“As a senior, I was looking for a way to give back to the major beyond the supporting the established student groups,” said White. While at Beer Rhetorics one night, White decided to take on (another) title as PW Field Trip Coordinator and began organizing the first trip. This was about more than a field trip, though. “PW is a great program, but it only gives you the skills. We cannot expand our roles and knowledge without the help of others. We must rely on one another for networking and connections. We have the opportunity to be a powerful force in the information industry,” said White.
Although she has started work on the second PW field trip, Ali is looking for somebody to take over the position of PW Field Trip Coordinator after she graduates in December. If interested, contact Ali or Laura Julier for more details.
WRAC has been very fortunate to have two outstanding interns for the past several months who have been steadily growing and cultivating our online community. Alexandra (Ali) White and Laurel Sutherland are the department’s first Communications Management Interns and they have done outstanding work getting WRAC’s presence on the web and in social networks established and engaged. Unfortunately for us, both Ali and Laurel will be moving on after this semester, so the search is on for two people to fill their very big shoes.
They still have some time left this semester, so Ali and Laurel took a moment to talk about the internship, what it entails and what they’re taking away from it:
Complete details about the position are available below. If you’re interested in being one of the WRAC Communications Management Interns for spring or summer 2011, or just want more information, contact Mike McLeod or Laura Julier.
Communications Management Intern
Hours: Approximately 10 hrs/week Start Date: January 3, 2011 End Date: May 13, 2011 with a possibility of extending to other semesters Supervisor: Michael McLeod
The Communications Management Intern of the Writing, Rhetoric, and American Cultures department is responsible for implementing and maintaining both inter- and extra-departmental communication. This includes, but isn’t limited to, developing promotional materials (web content, press releases, etc) and sustaining an active departmental presence inside social networks. This position requires a person who is outgoing and sociable and actively engaged with faculty, staff, students, and the public. Hours dependent on academic program’s internship requirements, if any, but are ideally 10 hours per week.
**Please note this is an unpaid internship.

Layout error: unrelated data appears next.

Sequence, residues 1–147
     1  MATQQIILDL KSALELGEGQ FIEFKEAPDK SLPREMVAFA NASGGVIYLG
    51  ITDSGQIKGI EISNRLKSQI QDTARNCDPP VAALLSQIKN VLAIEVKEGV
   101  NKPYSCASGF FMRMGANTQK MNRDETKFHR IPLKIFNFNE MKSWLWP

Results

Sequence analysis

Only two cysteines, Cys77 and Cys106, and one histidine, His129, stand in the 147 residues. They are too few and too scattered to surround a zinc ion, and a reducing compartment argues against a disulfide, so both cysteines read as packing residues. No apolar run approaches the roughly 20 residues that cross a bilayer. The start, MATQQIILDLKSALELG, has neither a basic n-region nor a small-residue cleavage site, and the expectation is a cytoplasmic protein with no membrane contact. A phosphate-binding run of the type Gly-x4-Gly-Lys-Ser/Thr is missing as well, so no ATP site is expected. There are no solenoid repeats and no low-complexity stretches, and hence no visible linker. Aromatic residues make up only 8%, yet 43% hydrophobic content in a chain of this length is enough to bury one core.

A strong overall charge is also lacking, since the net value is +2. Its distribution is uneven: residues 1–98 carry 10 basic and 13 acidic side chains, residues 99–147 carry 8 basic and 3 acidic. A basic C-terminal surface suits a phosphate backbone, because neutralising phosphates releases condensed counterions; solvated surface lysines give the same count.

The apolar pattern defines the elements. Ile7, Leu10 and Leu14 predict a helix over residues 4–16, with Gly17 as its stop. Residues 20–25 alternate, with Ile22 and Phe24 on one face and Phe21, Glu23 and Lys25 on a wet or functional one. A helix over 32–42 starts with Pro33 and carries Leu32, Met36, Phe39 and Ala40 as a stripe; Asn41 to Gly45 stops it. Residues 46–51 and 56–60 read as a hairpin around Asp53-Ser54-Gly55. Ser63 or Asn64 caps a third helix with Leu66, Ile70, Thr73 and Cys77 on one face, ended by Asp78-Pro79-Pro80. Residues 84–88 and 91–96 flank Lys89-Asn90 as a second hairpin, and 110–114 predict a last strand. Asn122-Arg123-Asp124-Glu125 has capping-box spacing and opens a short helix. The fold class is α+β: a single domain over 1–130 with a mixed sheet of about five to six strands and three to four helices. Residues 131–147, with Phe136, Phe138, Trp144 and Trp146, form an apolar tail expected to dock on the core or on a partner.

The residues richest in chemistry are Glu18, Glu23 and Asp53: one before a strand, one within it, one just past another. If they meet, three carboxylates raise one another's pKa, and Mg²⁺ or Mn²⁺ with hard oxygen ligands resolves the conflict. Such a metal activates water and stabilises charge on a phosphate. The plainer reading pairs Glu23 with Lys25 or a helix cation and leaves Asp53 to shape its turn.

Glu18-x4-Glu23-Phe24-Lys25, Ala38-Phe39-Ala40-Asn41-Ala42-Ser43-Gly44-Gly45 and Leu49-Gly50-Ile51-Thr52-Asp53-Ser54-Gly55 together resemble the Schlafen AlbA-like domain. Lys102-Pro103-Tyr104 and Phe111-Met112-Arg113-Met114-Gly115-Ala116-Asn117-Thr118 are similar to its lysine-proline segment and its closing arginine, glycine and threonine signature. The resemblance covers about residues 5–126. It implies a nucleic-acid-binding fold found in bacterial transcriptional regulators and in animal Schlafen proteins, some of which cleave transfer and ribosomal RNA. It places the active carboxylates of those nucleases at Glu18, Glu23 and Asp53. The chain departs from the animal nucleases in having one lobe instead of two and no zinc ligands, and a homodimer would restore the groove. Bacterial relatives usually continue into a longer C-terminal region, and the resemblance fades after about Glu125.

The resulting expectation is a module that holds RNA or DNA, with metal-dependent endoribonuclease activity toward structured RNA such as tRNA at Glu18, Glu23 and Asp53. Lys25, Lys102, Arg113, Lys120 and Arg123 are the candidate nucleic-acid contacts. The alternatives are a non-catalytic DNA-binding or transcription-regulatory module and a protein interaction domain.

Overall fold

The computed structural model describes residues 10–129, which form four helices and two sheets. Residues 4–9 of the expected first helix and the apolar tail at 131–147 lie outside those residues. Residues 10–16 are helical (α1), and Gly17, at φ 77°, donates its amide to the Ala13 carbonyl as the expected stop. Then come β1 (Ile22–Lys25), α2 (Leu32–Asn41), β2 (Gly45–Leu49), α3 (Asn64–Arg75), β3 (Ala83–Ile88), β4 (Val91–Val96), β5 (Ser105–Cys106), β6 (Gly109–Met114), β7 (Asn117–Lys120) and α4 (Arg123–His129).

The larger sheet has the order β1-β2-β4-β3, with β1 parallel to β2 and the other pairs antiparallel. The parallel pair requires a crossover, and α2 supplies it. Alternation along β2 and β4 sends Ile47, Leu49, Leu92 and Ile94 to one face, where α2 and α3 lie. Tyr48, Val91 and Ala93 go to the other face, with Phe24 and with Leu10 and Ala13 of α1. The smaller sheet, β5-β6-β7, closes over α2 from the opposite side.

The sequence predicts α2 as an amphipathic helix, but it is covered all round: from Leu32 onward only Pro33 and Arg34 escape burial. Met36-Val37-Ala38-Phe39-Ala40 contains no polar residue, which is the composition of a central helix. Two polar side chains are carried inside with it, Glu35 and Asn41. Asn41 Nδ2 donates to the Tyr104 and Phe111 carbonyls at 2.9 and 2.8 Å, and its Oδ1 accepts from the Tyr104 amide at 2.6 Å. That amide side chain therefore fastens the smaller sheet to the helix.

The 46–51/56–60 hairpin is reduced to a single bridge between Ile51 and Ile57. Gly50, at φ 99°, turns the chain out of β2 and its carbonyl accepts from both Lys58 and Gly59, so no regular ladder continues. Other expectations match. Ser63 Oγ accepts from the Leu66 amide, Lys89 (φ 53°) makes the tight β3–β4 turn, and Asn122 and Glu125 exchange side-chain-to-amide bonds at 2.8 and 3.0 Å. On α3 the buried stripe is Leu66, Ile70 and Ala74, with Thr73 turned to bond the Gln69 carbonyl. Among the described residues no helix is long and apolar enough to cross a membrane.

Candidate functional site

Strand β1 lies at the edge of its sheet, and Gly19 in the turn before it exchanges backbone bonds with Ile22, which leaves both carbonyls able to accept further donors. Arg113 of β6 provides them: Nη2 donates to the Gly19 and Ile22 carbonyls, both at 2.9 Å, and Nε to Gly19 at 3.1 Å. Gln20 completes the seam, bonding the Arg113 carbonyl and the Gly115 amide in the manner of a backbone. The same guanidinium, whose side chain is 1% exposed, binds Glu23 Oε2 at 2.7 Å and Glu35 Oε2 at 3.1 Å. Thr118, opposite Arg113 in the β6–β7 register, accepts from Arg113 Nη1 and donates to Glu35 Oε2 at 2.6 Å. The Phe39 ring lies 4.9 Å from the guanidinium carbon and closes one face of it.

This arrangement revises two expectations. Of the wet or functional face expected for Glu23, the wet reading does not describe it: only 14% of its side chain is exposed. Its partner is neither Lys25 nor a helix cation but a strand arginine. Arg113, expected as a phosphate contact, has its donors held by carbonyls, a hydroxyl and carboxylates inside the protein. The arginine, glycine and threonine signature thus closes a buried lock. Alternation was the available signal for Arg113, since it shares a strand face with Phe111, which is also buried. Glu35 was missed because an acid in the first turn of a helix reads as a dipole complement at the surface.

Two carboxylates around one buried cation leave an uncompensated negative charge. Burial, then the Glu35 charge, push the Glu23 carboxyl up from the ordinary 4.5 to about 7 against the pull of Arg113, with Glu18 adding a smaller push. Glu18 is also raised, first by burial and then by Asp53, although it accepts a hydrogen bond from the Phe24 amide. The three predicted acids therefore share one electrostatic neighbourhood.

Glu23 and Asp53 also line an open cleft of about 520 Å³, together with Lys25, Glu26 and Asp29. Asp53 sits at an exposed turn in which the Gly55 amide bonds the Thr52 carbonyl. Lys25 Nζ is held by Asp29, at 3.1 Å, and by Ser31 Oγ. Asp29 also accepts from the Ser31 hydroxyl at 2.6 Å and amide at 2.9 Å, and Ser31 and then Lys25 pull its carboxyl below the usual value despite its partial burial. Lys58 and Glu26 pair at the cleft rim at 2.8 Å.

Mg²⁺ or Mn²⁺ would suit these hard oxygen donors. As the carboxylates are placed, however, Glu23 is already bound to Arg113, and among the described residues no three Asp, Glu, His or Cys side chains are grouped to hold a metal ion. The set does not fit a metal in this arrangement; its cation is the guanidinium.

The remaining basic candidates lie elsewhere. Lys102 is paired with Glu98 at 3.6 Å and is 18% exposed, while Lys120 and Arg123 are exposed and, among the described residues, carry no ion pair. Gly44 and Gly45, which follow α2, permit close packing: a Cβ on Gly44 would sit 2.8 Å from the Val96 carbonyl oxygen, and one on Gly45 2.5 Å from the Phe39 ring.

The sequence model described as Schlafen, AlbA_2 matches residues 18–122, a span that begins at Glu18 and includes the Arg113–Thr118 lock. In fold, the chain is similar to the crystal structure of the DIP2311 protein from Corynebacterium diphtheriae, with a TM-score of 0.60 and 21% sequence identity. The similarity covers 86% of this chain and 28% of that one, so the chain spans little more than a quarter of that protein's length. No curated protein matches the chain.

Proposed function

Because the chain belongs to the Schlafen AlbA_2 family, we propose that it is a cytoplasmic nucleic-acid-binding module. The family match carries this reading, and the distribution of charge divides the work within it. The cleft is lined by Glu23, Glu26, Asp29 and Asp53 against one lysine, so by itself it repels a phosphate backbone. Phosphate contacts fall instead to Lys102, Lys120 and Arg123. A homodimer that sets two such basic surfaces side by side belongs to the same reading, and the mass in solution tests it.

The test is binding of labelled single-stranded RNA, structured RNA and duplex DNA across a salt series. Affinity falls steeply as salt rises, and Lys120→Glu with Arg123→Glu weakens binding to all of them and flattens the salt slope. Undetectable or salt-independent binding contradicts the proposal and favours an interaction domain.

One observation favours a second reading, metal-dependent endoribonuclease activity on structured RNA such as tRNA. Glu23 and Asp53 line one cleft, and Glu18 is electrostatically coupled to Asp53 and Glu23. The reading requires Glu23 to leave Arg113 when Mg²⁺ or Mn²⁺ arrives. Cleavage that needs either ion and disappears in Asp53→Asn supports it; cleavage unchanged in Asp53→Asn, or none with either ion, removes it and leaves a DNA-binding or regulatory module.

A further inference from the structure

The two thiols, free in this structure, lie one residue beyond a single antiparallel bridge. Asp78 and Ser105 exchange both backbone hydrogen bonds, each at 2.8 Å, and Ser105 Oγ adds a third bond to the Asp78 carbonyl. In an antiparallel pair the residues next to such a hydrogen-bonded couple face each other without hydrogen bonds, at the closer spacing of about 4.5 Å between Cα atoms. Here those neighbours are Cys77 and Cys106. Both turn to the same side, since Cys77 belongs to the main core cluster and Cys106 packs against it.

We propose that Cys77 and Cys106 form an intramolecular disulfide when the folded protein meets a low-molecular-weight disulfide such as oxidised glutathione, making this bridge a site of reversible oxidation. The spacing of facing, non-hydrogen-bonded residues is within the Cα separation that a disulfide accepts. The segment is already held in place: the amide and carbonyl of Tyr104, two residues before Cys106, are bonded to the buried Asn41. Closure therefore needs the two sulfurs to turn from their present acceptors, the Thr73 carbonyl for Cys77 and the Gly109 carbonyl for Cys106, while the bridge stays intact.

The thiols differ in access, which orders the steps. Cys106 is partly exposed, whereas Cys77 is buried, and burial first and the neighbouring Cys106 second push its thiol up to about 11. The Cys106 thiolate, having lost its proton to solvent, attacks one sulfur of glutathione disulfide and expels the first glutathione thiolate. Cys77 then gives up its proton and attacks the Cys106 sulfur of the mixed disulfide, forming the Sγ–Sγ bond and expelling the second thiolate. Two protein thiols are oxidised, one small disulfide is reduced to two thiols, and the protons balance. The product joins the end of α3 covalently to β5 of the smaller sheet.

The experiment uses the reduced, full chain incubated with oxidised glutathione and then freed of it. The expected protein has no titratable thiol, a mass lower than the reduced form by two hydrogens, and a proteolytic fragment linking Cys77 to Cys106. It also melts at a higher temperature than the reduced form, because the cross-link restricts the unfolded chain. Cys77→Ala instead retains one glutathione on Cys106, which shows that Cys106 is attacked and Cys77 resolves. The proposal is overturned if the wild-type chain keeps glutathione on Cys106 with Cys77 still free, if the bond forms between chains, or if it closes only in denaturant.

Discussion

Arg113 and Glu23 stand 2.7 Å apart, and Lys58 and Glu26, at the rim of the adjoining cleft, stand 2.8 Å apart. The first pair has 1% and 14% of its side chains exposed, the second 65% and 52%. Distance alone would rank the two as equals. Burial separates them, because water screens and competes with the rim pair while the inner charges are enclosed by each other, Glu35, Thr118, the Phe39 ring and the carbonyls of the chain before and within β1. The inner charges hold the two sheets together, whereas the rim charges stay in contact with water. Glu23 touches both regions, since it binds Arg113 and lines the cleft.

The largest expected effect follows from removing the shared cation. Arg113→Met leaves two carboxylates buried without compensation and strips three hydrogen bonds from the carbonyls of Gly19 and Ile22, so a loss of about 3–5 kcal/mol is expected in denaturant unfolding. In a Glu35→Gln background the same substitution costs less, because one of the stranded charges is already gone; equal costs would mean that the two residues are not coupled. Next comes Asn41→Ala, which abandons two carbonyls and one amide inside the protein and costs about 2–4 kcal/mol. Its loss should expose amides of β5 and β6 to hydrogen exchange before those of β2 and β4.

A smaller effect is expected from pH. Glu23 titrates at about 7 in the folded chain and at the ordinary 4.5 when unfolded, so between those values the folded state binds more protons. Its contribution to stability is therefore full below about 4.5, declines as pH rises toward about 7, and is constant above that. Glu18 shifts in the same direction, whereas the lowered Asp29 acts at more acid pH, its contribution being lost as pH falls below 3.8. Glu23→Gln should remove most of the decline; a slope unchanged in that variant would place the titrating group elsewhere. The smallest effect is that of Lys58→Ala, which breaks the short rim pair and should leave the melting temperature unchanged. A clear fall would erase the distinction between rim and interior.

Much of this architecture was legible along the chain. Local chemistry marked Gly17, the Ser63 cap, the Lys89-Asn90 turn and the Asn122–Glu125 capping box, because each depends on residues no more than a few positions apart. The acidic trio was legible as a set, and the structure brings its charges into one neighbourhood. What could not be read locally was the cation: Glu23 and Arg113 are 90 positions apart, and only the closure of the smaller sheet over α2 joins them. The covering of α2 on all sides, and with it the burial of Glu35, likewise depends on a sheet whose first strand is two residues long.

Working with a content management system;
Actively listening to “channels” of conversation (face-to-face, email, Facebook, Twitter, listserv, etc.) for significant and interesting conversations or observations amongst program members
Attendance at and documentation of program events
Researching stories by communicating with primary sources
Writing in multiple genres (listserv messages, blog posts, press releases, social media updates, etc.) and cross-promoting that writing in other mediums
Maintaining regular office hours
Outgoing and social personality
Attendance of and participation in Writers’ Bloc events
Presence in and working knowledge of social networks (esp. Facebook and Twitter)
Ability to edit and manipulate images (Photoshop, Gimp, Picnik, etc.)
Proficiency in Microsoft Office
Reference from at least one Professional Writing instructor
Experience writing in xHTML and CSS
PW junior or senior, or graduate student
Ability to write in and maintain WordPress
Advanced Acrobat PDF creation skills
Submit resume (with references), cover letter, and sample press release (or similar professional writing sample) to Michael McLeod by December 15, 2010 (only if applying for Spring 2011; an announcement of summer deadlines will be announced as that semester gets closer).
The biennial NonfictionNow Conference, also known as The Bedell Nonfiction Conference, was held at the University of Iowa last week. Representing WRAC was Dr. Laura Julier and Rhetoric & Writing PhD student Daisy Levy. The conference featured panels and readings which highlight the many different forms of nonfiction, from video essays, documentaries, and graphic essays to memoirs, lyric essays, and literary journalism. Dr. Julier presented two panels: on Thursday afternoon, “Read This: The Writer as Reader,” with MSU English Professor Marcia Aldrich as well as E.J. Levy, Robert Root, and Ned Stuckey-French. On Friday afternoon, “Further On and Deeper Still: The Land as Character in Narrative Nonfiction” with Will Jennings, Julene Blair, and Linda Tate. This conference is sponsored by the University of Iowa’s Nonfiction Writing Program.
Professional Writing faculty and students talk about some of the courses in the PW curriculum in these videos–produced over the summer of 2010 by PW alum Ben Froese with interviews conducted in April by PW alum Sarah Aldrich–that are now linked to the program’s website. The videos are an effort to get richer, more personal narratives and descriptions of courses to majors and other students interested in the major. Students in Professor Bump Halbritter’s WRA 417 are redesigning and producing five more videos this semester.